Your Investments: After the sell-off, look at preferred stocks for income

Fixed-income investors will need to stay creative to generate the income that they need to achieve their retirement goals.

Dollar bills 370 (photo credit: Steve Marcus / Reuters)
Dollar bills 370
(photo credit: Steve Marcus / Reuters)
As recently as the beginning of 2012 there was hope that a recovering US economy would allow the Federal Reserve to start raising interest rates from the near-zero-percent level. This would be good for the millions of retirement and fixed-income investors who have been scrambling for the last few years to figure out a way to generate much-needed income. In fact, this past summer’s talk of a Fed “taper” sent yields on bonds spiking.
Then we received some very ho-hum economic data, and to calm markets the Fed basically retracted the taper talk and yields fell once again. With the disastrous rollout of ObamaCare, continued uncertainty of tax policy (i.e., more tax increases), weak GDP growth and most of the newly hired settling on part-time work, the US economic picture remains cloudy. Throw into the mix one of the biggest cheerleaders of the continued printing of money is now heading the Federal Reserve, and I wouldn’t get overly excited about rates moving up anytime soon.
This means fixed-income investors will need to stay creative to generate the income that they need to achieve their retirement goals.
Higher income I’ve previously said investors can use dividend-paying stocks to enhance their income. Many household names such as Procter & Gamble and Johnson and Johnson all have stocks that pay out higher dividends than their own corporate bonds. Not only do you get a 3%-plus dividend, you have the potential for capital appreciation as well. In addition, these firms have raised their dividends every year for several decades.
But for some risk-averse investors the thought of investing in common stock is a bit much for them. They don’t want the stomach-turning swings in stock prices. They would rather earn a very small return and keep their hard-earned principal intact than potentially lose a good chunk of their net worth. Whether this is rational is not relevant.
Many retirees are in a similar boat and feel the same way.
What to do? Preferred stocks
Another solution for enhanced income as part of a larger portfolio is preferred stocks. Preferred stocks are like a hybrid between regular common stocks and bonds. Each share of preferred stock is normally paid a fixed, relatively high dividend, and in case of bankruptcy, it has priority over the common stock in terms of claims against a company’s assets. In exchange for the higher income and added safety, preferred shareholders miss out on large potential capital gains.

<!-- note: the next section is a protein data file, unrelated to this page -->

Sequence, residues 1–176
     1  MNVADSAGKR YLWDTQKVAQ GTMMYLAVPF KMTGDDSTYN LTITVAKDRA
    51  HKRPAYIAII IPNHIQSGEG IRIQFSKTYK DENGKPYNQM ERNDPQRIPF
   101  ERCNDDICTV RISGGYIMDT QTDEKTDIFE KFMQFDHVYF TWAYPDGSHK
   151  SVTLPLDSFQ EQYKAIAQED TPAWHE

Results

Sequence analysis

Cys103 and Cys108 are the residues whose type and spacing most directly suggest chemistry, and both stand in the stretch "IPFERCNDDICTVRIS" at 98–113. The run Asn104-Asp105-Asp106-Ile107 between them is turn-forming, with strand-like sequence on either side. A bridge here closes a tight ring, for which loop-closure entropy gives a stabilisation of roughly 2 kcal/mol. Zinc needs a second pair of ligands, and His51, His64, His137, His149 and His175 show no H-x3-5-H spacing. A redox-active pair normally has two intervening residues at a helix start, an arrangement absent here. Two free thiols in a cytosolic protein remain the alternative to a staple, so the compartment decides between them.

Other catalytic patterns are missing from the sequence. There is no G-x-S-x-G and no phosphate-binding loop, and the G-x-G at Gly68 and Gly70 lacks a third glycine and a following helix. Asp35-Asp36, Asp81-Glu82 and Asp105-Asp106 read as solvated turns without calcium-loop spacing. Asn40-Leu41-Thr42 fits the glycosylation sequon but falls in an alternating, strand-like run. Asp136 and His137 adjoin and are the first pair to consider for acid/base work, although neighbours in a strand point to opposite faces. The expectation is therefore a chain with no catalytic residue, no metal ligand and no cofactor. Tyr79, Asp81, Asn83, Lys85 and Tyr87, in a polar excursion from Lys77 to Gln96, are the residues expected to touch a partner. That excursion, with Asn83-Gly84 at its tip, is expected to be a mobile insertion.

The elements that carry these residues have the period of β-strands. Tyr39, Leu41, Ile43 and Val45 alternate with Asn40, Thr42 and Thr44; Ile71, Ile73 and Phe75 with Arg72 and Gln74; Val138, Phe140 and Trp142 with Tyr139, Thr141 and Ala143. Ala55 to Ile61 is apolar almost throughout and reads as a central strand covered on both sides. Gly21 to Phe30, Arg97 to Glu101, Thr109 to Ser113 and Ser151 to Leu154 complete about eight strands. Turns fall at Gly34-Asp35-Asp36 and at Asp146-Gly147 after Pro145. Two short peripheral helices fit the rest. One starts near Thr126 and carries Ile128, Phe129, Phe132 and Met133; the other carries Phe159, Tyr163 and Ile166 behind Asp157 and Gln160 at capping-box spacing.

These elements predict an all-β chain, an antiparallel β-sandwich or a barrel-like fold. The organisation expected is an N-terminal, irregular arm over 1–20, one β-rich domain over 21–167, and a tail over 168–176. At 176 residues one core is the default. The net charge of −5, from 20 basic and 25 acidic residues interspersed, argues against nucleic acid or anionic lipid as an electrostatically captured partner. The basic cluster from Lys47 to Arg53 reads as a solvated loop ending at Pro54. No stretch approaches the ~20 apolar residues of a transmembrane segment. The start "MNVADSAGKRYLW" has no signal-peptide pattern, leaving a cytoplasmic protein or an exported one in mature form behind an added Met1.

How do they work
Many preferred stocks begin trading at $25 per share. For example, Company X issues a preferred stock at $25, with a coupon of 6%, meaning that every year the investor receives 6% on the amount he has invested, and this is usually paid quarterly.
Although this sounds very straightforward, there are also certain risks involved. Preferred stocks are considered to be like long-term bonds in the way they trade. As they can be quite volatile, this means that the same preferred stock that started at $25 can end up trading much higher or lower than its issue price.
A case in point happened this past summer. As talk of the taper heated up, preferred stocks got crushed. It was not uncommon to see falls of 10%-15% among some of the more popular issues. The iShares S&P US Preferred Stock Index dropped about 12% between May and August.
If they can be so volatile, why would they be appropriate for risk-averse investors? They may not be appropriate for everyone, but keep in mind that they have already been crushed, so investors are buying in at a discount; i.e., buy low and sell high. Outside of financial deterioration of the issuer, the major reason the price of a preferred stock would plummet is because interest rates are on the way up, and that doesn’t seem likely over the foreseeable future.
How to invest?
For do-it-yourself investors, is a good resource to learn more about this asset class. There are also exchange-traded funds (ETFs) such as the iShares S&P US Preferred Stock Index or the PowerShares Financial Preferred, which both are currently yielding in the 6% range.
Additionally, investors can research individual issues from the likes of Metlife or Goldman Sachs to name a few.
It would take me another full column to discuss the various types of preferred stocks available; adjustable-rate preferred stock, convertible preferred stock, first preferred stock and participating preferred stock are just a few of the variations available. Speak to an adviser who can explain the various types, and then see whether preferred stocks would be good for your investment portfolio.
The information contained in this article reflects the opinion of the author and not necessarily the opinion of Portfolio Resources Group, Inc. or its affiliates.
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Aaron Katsman is a licensed financial adviser in Israel and the United States who helps people with US investment accounts. He is the author of the book Retirement GPS: How to Navigate Your Way to A Secure Financial Future with Global Investing.